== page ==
noncleared-maintext bigimgs-interleaved”> Two years ago we told you all about how you can blend in at Prikið and Paloma in downtown Reykjavik by releasing music on cassettes, getting a Hitler youth haircut or getting a stick-and-poke tattoo. We decided to revise our handy guide to keep all you hipsterical yuccies out there up to date for 2017. Prikið is actually one of the oldest coffee houses in Reykjavik but is now a watering hole for the young and hip-hoppy. The piercings: Yes, yes, there are still plenty of septum rings, nose rings, ear pearcings and those totally rebellious nipple piercings that absolutely everyone’s got. And it’s finally possible in Reykjavik these days with plenty of great options at restaurants and fast food joints and vegan sushi is super popular. Having a Soundcloud account is vital, even if there’s nothing on it except absolute f*****g silence. 6. Some places are now selling Berlin’s famous hipster brew, Club Maté, which is non-alcoholic but still costs loads of money. 7. Iceland Monitor/ Eggert Jóhannesson 5. Go to Vinýl for the hippest vegan joint in town. 8. Now it’s all about healthy green juice,(for those days you’re recovering from clubbing), craft beers, vodka shots or […]
The aim of the stream is to promote the adoption of stray cats. They were found in along with their mother in a warehouse and rescued. This sensation has already attracted of several media outside of Iceland, one of which is The Telegraph. The stream is called Keeping up with the Kattarshians, and the kittens names are Guðni, Stubbur, Bríet and Ronja. Here you can watch the Kattarshians live: noncleared-maintext”> A new internet craze has gripped Iceland, watching daily exploits of four kittens on a 24/7 live stream. The project is a collaboration between The Icelandic Cat Protection Society (which runs Kattholt), The Icelandic Food and Veterinary Authority (MAST), vet of animal welfare and South Iceland Animal Welfare Surveillant. The kittens are siblings, 9 weeks old and come from Kattholt cat shelter. A little later, when they had matured a bit and were stronger, they were chosen to become internet stars. One of the kitten already has a home to go to after the live stream will be cut.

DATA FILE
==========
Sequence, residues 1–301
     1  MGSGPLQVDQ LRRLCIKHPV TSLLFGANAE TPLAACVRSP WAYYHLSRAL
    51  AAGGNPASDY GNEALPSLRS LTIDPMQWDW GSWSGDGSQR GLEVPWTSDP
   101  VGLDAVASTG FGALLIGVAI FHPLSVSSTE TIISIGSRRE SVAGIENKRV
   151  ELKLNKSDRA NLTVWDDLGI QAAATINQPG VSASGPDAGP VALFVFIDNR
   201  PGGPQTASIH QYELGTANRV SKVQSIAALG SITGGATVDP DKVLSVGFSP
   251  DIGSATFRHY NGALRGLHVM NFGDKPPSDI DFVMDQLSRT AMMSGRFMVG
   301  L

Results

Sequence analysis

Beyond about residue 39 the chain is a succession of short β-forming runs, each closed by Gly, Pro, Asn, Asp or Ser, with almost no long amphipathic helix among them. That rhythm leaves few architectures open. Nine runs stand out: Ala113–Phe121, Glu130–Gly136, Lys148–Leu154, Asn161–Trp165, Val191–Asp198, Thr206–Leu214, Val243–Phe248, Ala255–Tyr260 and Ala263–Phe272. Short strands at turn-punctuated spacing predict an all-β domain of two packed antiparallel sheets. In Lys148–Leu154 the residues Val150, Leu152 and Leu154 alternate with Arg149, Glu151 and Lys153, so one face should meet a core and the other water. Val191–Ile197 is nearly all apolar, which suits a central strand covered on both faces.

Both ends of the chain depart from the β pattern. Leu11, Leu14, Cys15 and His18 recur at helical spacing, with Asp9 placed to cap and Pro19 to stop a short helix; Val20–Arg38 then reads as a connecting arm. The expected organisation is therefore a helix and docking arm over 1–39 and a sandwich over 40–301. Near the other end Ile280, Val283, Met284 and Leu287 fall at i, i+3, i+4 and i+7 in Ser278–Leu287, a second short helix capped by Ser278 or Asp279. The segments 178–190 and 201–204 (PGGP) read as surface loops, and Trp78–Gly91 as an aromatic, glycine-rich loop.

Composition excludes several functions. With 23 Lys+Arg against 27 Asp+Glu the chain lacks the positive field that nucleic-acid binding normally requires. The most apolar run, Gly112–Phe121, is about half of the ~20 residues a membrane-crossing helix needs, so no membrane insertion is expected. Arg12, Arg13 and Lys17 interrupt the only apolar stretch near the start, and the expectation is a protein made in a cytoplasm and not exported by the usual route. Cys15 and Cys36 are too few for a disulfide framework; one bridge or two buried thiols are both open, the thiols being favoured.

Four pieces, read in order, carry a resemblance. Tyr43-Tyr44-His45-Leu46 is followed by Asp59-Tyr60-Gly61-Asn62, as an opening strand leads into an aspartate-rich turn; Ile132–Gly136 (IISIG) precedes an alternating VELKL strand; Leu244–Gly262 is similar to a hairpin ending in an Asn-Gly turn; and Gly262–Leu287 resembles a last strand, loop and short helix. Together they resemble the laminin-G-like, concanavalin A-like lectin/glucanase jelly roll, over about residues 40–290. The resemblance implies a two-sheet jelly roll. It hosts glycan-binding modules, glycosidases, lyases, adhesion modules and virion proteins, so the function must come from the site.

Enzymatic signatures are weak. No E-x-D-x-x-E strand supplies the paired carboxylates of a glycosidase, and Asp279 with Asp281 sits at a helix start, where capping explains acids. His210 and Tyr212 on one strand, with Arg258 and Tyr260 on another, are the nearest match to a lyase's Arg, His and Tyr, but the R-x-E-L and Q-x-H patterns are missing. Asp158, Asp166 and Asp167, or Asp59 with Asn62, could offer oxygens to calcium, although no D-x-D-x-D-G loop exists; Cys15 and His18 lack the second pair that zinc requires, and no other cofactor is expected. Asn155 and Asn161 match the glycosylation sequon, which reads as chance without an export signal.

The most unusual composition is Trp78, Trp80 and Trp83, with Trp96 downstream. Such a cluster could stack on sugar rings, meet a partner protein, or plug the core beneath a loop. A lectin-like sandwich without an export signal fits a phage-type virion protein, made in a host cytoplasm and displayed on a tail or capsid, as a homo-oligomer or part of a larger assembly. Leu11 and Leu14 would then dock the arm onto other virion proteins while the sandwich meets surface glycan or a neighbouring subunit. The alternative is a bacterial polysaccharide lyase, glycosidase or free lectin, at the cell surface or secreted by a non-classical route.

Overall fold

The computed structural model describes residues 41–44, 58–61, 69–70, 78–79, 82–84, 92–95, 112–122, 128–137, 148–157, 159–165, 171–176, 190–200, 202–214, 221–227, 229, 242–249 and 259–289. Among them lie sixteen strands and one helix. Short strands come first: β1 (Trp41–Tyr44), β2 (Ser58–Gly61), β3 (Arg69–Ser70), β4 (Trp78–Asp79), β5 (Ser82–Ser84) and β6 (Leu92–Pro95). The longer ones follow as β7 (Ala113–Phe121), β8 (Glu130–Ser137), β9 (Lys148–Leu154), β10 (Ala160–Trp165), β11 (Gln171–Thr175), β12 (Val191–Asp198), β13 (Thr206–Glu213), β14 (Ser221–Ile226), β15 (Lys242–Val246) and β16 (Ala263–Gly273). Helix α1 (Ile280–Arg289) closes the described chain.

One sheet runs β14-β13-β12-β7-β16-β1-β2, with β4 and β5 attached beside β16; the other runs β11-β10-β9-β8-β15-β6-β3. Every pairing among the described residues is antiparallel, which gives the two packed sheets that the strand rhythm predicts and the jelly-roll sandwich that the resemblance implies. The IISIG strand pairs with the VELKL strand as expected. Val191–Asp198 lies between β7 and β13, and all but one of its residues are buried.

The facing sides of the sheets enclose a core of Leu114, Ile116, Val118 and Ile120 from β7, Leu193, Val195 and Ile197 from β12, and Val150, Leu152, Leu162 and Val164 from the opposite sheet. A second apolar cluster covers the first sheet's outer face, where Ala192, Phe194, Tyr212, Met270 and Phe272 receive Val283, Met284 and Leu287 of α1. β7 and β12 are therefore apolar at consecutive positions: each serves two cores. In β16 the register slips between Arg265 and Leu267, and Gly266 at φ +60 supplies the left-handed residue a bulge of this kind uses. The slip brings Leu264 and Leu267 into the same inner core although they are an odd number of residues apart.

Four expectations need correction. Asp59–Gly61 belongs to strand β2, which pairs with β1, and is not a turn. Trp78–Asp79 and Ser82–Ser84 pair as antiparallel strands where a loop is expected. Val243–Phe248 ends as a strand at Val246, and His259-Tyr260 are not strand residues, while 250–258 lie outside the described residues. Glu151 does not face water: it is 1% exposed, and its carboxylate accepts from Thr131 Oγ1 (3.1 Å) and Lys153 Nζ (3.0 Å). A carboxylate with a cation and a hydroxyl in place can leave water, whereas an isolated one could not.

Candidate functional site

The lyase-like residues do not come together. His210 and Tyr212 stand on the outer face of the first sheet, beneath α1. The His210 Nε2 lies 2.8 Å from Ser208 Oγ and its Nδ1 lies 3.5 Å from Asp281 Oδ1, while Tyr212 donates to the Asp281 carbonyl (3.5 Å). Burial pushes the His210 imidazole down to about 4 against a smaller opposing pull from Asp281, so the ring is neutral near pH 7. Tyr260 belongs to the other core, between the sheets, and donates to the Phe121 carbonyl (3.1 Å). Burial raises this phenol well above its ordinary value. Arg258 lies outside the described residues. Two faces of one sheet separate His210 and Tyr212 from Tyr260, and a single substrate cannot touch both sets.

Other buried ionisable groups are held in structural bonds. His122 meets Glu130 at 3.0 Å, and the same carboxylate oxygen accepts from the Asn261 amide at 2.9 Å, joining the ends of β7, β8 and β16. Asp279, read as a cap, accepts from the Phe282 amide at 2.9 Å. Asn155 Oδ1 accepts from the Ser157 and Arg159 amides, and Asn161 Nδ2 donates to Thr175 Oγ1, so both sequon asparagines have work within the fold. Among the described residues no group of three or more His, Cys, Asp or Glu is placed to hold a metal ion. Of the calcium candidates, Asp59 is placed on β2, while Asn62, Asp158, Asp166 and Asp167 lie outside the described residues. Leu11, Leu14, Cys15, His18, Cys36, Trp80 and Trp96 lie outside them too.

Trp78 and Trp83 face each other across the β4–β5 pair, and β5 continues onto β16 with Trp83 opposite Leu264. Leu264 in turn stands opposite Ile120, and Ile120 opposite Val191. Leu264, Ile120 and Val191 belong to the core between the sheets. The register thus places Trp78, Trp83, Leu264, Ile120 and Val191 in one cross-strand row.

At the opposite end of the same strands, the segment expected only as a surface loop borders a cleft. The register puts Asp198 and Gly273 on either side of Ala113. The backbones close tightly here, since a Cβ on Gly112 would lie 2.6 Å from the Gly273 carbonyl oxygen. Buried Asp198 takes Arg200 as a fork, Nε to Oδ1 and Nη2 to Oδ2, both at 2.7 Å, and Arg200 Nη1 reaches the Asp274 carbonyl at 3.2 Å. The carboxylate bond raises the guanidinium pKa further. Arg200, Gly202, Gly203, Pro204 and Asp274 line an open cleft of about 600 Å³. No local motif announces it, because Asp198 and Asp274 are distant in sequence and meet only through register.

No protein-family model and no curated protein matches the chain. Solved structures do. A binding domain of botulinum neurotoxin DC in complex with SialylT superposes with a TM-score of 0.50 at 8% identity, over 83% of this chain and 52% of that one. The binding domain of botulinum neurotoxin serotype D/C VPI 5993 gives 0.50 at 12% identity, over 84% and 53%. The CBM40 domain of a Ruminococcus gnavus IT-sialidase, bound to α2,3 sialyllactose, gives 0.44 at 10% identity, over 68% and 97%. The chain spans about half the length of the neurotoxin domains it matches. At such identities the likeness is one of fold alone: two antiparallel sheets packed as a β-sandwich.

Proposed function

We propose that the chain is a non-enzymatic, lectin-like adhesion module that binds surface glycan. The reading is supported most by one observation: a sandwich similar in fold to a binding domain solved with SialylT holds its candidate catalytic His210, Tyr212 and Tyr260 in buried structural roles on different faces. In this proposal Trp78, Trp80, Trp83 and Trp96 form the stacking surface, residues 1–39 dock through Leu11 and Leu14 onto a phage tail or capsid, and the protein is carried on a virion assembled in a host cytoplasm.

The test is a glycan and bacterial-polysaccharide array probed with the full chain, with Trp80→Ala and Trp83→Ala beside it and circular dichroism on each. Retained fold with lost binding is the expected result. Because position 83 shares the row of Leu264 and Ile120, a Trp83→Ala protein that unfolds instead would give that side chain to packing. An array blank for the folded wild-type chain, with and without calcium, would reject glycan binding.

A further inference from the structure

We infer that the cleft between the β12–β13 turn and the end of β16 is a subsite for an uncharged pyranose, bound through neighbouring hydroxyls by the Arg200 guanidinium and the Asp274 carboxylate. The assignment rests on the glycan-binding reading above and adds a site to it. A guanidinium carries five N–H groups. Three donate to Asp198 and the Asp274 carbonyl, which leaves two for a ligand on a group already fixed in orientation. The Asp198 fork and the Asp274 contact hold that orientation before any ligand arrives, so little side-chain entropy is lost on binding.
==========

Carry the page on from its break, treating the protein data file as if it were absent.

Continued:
Every time this issue is raised a great, long discussion starts in Iceland. The most common reasons for opposing are fear of increased consumption, fear of less variety of products and less service in availability in urban areas, and so on. The congressmen and women behind this bill are hoping that third time’s the charm, but recent polls reveal that the majority of Icelanders are against it. noncleared-maintext”> A bill lies for Alþingi, the Icelandic parliament, on scrapping the state’s monopoly on the retail sale of alcohol. This is the third time an ‘alcohol bill’ – as the draft legislative act seeking to deregulate the retail sale of alcohol in Iceland is commonly known, has been put before Alþingi. The bill also affects tourists travelling to Iceland, as many don’t know about the state’s monopoly and buy copious amount of alcohol free beer in supermarkets, not realizing alcohol is only sold in the state run Vínbúð. Doctors and health organizations such as Krabbameinsfélag Íslands, The Icelandic Cancer Association have critiqued the bill, pointing out that increased consumption means increased risk to people’s health.
noncleared-maintext”> Icelandic female rap group Reykjavikurdætur have released yet another provocative vidoe to a new song called “Kalla mig hvað?” (Call me what?) The video is directed by Antonía Lárusdóttir and Alda Karen Hjaltalín.